Picasso Pops up

Art pops up in the most unexpected places (see my post about Michaelangelo’s work found behind a sofa…).   271 pieces of Pablo Picasso‘s work have now turned up in a garage on the French Rivera.  They have lain there in a cardboard box for 40 years. Retired electrician 71-year-old Pierre Le Guennec sought to have them authenticated by the Picasso administration.  The artist’s son Claude Picasso and 5 other heirs say that the works are stolen and have slapped a lawsuit upon Le Guennec.


The previously unseen work includes drawings, lithographs, cubist collages, a watercolour and notebooks.  They are estimated to be worth between 60 -80 million dollars according to different sources.  Le Guennec included photographs of 27 of the works in an email to the Picasso administration.  Christine Pinault, Claude Picasso’s assistant and an employee of the Picasso Administration and the family have  acknowledge authenticity but question how Le Guennec came into possession of the works.  Le Guennec says that he received the works from Picasso’s wife in return for alarm systems he installed.  The family say that whilst Picasso did give gifts – he usually dedicated them.

Picasso - Pipe, Glass, Bottle of Vieux Marc an example of the artists collage work

Meanwhile, the works  were seized by France’s Central Office for the Fight Against Traffic in Cultural Goods October 5  and are now holding them in a vault at its Nanterre office, northwest of Paris.  The couple have said theat they don’t want to sell them – just have them authenticated  and clear the matter up for their children.  I wonder what the outcome shall be of this interesting case?

More info and another video from here

youtube video from itnnews thanks!

Picasso photo from here and collage here


Don’t forget the latest poetry challenge over on Bookstains!



12 thoughts on “Picasso Pops up

  1. This really will be interesting to follow. Mighty expensive alarm systems. But then, the value of the work has increased in the 40 years since the payment. Even at 10 dollars apiece, though, that would make the alarm system 3,000 dollars and that is a pretty expensive one back then. Oh my. Who knows…very interesting.

    1. Hheh good calculation Leslie:-) I suspect this case will run and run (into millions). I wonder how they will prove that these were gifts though? This is going to be very difficult to prove I suspect. I’d just like to see them though – I don’t care who owns them – just let us have a look:-D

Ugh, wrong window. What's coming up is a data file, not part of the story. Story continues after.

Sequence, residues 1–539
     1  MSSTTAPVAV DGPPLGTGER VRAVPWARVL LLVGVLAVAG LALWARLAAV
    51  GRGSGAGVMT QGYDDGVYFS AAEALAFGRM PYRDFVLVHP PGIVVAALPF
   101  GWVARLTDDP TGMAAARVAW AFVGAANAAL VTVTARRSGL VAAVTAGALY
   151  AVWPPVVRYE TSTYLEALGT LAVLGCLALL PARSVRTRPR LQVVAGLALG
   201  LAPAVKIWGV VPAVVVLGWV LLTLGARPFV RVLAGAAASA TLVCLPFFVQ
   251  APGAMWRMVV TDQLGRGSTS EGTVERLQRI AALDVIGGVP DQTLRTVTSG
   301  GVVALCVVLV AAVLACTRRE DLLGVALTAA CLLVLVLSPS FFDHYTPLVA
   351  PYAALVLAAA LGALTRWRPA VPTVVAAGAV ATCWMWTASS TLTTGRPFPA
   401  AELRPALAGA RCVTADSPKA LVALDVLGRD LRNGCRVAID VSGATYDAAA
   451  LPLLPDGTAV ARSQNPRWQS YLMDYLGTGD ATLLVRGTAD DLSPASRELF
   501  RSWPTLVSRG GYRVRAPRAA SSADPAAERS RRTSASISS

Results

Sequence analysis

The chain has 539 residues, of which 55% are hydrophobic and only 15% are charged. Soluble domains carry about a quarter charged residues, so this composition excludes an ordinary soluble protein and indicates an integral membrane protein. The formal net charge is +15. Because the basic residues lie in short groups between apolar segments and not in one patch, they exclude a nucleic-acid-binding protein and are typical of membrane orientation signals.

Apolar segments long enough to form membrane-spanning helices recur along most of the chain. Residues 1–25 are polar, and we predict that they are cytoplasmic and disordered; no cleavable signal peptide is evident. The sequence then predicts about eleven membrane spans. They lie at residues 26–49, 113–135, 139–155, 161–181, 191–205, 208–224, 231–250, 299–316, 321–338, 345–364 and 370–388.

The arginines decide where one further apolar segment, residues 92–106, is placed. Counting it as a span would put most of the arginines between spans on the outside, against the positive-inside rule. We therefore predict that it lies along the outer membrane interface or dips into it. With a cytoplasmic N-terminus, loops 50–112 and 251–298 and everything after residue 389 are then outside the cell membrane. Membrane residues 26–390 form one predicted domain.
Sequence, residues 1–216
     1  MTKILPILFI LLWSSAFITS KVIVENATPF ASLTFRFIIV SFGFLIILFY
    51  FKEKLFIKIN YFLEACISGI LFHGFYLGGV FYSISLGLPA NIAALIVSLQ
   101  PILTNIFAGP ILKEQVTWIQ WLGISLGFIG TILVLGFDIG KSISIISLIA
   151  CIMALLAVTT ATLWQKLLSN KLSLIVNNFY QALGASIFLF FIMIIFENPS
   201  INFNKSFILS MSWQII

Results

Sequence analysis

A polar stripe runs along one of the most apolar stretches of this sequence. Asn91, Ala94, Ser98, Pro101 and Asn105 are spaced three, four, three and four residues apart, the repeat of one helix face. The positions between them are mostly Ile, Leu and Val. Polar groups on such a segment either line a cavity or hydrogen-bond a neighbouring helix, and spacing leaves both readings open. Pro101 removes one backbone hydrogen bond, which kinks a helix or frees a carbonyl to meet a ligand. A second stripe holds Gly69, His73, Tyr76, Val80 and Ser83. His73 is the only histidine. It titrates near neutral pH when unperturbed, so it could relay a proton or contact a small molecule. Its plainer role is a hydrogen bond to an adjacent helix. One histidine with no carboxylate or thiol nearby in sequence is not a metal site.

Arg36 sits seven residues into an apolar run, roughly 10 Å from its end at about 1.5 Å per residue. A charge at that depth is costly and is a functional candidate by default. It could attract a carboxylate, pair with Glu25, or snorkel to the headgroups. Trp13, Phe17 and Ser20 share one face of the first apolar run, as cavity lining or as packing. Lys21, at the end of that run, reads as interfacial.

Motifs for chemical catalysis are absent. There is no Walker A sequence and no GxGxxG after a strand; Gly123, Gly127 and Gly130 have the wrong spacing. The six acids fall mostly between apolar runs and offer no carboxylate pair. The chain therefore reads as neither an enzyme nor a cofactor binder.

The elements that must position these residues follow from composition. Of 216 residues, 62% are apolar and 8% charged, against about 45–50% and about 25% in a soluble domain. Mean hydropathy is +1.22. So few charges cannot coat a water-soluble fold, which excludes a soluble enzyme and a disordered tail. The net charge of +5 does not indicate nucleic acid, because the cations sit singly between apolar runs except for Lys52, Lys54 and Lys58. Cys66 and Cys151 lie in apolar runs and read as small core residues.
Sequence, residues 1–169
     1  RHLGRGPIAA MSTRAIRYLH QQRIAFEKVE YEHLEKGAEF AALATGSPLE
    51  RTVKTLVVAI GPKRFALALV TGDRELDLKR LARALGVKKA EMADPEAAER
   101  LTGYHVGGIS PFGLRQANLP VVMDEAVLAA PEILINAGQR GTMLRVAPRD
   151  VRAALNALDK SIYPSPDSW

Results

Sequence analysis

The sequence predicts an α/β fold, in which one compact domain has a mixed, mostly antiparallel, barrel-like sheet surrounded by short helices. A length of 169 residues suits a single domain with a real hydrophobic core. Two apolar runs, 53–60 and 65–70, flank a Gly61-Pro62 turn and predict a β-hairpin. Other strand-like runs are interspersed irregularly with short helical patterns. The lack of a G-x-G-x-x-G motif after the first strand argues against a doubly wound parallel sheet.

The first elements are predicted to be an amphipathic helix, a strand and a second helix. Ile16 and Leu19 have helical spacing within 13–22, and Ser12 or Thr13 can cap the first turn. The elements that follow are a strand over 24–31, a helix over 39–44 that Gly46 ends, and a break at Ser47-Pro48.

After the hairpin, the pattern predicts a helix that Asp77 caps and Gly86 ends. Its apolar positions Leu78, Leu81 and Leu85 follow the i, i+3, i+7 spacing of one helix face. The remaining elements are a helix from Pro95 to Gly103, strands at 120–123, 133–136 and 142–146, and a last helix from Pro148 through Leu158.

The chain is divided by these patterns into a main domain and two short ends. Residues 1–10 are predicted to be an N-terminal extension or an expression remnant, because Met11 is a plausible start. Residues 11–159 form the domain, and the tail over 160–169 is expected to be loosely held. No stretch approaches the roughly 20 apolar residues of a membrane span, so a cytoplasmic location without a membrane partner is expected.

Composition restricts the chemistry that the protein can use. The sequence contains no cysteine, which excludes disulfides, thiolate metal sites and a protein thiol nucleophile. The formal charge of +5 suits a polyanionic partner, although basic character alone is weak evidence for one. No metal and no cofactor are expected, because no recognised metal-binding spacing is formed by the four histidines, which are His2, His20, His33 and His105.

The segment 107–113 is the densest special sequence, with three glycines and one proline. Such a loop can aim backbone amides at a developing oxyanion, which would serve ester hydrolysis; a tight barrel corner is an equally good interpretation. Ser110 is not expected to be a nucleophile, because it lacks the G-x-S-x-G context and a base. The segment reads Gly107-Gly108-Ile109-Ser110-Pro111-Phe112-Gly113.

2. I heard about this in a newspaper, how incredible! It’s like these people who find priceless antiques in their lofts or at car boot sales. Why can’t I???
    Fascinating post!

    1. Me too – I never find treasure:-( Nobody ever left me anything and theres no masterpieces lurking in my attic, garage or behind the sofa:-(
      In fact, I always think ‘How could you!’ when I see people selling off family heirlooms! I would make a good custodian:-)

  3. Now if P’s wife did gift the art in return for services rendered–consider what she was thinking. Hmm gift/trade of art for alarm system. Hey, will that work with my landlord? I’d like to trade some art for rent. Why not?

    1. Hheh now why not? its worth a go 47whitebuffalo:-) Only make sure you dedicate the work to him or he could be in trouble in the future:-)

    1. Same here Carpl:-) no treasures luking here ,though I am convinced theres a secret room behind a wall in our cellar – probably wishful thinking though! I wish I could get one of those machines the Geo physic people use on Tim Team to find out 😀

  4. That is a lot of “gift” Picassos! Like you, I would like to just see them. The electrician should have said that he was given the box and this was what was inside and he was just as surprised as anyone. The Picasso family was further torn apart trying to settle the artist’s estate after his death. Owning a Picasso, in their case, wasn’t always a good thing.

  5. It is a LOT of gift lol Money does seem the root of all evil in this case. These litigations drag on for years. There’s a lesson in this in Dickens Bleak House – though the young ones were lucky in the end. Wonder why he didn’t make it clear who got what – saving lots of trouble and arguments?

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